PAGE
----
Our second meat entrée was the Babe Amarel Ranch Beef Filet rolled in black pepper and roasted rare with Nicola potatoes stuffed with aioli, Early Girl tomatoes and arugula salad. The rare-cooked meat tasted and cut like butter, and had a rich and complex flavor one seldom tastes in meat unless it is of the highest quality. Savoring the beef made me want to write a letter to Babe Amarel and personally thank him… and perhaps buy a few of his steaks to keep in my own fridge. This dish had everything: there was the sweet tang of Early Girl tomatoes mixed with the peppery arugula, and the rich comfort of potatoes stuffed with homemade aioli. But, of course, the crown jewel of the plate and probably the entire meal was the meat itself. It needed nothing accompanying it but a fork and a hungry mouth, and the sides only made it better.
For dessert we ordered the Moroccan Jewels (dates Stuffed with mascarpone, pomegranate seeds, pistachios and mandarins) and the Zinfandel Grape Granita. Both dishes were fairly light considering the incredibly rich dinner we had just devoured. The dates, like the eggplant caviar, were an example of the fact that Rodgers’ influences are not solely French and Italian, but sometimes take inspiration from Greece and other Mediterranean countries. The dates had so many bursts of flavor that it was hard to imagine they all fit into one small plate. The sweet density of the dates themselves paired beautifully with the lightness of both texture and taste of the mascarpone and the pomegranate seeds. The pistachios and mandarins were indeed like little emeralds and rubies that studded the dessert, infusing it with both color and flavor. The Granita was like the gnocchi: simple and delicious. Its coolness of temperature and taste was a welcome finish to an otherwise warm and indulgent meal. Similarly, the bright fresh flavor of the grapes had all the feeling of a balmy summer night, and needed nothing as additive.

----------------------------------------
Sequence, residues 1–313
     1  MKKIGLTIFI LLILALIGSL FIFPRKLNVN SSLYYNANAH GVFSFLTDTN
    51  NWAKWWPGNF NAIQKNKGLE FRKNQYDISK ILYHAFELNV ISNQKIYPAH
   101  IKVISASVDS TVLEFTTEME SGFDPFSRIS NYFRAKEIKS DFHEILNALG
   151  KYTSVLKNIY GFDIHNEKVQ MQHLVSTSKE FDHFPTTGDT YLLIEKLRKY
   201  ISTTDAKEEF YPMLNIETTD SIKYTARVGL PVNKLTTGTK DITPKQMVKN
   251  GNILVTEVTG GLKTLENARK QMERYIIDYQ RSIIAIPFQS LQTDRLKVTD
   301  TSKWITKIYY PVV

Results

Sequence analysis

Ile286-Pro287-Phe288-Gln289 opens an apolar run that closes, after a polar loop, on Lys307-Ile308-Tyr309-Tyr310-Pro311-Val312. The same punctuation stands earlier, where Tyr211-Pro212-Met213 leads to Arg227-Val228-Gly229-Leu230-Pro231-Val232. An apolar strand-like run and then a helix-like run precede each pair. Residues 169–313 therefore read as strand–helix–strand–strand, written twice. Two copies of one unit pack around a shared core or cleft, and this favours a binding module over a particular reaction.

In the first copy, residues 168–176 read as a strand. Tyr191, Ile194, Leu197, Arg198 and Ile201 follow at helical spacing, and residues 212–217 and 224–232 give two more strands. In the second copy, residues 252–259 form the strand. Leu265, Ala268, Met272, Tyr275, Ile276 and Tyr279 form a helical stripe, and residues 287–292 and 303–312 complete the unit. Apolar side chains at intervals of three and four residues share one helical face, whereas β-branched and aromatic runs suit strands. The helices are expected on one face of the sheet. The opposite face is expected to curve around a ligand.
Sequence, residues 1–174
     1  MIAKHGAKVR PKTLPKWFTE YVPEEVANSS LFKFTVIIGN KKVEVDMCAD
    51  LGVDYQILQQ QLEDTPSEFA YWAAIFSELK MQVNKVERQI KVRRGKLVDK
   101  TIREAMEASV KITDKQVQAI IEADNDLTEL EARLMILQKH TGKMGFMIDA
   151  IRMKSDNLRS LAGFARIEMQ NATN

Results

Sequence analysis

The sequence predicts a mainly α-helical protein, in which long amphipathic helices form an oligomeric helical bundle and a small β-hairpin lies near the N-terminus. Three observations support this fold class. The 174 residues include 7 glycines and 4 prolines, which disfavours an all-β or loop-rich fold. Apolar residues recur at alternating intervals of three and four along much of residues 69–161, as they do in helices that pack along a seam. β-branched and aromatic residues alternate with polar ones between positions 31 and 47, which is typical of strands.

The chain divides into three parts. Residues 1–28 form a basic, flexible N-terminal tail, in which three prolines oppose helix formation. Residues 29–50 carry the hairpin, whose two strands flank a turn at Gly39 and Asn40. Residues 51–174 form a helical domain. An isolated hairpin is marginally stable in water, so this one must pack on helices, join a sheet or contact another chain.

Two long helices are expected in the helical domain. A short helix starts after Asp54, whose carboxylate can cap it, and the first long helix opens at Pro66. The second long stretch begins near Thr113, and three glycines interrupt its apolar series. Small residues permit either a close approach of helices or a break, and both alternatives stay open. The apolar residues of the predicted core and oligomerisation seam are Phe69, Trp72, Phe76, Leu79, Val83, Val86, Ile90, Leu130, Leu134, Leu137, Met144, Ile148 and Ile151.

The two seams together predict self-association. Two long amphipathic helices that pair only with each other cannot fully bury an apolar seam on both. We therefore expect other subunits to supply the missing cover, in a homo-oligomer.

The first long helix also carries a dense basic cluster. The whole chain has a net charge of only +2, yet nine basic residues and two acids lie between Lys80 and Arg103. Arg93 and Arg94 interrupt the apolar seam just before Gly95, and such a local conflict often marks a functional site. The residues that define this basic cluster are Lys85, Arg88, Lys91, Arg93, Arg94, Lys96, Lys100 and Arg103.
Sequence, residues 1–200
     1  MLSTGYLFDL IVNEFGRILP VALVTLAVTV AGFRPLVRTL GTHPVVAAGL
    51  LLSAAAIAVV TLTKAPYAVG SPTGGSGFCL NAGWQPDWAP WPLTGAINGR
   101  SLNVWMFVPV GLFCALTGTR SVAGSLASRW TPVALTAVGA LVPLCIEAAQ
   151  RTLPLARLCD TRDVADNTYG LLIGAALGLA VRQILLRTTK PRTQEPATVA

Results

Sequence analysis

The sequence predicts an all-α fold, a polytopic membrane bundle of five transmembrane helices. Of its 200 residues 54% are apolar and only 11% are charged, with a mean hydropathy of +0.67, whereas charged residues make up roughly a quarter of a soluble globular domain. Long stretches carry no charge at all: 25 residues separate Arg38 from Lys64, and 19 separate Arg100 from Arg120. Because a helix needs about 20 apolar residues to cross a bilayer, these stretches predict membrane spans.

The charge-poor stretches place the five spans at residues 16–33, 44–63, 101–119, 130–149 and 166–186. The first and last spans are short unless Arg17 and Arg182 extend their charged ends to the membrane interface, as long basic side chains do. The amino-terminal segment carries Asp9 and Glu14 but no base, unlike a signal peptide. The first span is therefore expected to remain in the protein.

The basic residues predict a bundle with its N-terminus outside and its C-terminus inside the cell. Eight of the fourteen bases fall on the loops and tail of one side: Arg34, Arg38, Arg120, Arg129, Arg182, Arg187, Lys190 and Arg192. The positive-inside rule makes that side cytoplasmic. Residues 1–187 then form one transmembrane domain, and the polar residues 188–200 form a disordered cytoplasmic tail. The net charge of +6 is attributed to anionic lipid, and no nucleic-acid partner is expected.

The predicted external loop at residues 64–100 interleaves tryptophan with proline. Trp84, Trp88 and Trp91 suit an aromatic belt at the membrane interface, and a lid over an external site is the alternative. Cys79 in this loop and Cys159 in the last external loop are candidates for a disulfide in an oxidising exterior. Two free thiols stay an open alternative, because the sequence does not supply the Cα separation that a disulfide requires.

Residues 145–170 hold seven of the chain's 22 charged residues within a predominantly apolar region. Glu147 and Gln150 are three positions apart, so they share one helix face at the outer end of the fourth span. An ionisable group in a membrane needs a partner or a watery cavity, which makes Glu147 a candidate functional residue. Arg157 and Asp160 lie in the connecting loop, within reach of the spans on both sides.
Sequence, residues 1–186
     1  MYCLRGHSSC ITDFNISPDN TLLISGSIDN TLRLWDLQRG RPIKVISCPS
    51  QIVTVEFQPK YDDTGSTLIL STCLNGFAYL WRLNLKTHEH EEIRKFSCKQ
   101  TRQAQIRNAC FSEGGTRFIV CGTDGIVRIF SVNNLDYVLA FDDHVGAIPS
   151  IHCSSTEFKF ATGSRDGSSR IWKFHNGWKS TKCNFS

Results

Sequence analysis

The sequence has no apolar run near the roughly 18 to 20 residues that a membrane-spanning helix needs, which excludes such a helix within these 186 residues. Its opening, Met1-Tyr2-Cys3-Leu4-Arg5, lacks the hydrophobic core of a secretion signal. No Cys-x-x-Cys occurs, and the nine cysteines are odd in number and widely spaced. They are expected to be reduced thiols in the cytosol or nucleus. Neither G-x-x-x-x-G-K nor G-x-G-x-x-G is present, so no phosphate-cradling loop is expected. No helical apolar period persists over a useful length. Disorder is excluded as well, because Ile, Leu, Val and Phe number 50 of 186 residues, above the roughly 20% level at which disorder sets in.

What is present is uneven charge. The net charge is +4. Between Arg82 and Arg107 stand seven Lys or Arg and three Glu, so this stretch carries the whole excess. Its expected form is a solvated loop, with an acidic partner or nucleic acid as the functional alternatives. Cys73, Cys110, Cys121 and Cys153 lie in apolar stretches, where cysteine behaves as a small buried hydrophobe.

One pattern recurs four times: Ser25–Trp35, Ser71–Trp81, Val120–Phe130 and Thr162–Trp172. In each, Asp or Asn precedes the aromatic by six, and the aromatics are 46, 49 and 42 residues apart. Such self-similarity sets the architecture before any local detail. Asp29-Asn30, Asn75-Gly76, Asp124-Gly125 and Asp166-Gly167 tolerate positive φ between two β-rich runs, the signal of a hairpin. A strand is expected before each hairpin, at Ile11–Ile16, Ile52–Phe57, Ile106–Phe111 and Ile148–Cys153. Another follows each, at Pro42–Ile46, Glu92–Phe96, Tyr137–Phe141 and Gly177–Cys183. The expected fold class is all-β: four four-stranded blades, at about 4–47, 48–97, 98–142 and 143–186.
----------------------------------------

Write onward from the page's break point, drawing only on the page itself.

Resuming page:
Zuni café epitomizes San Francisco. It is casual and unrestrained, yet uncompromising in its quality. One comes to Zuni assured of having a delicious meal in a comfortable atmosphere, surrounded by a diverse group of patrons. The food is comforting, approachable, and utterly delectable; and there is no doubt that everything coming from the kitchen is a source of pride and a labor of love.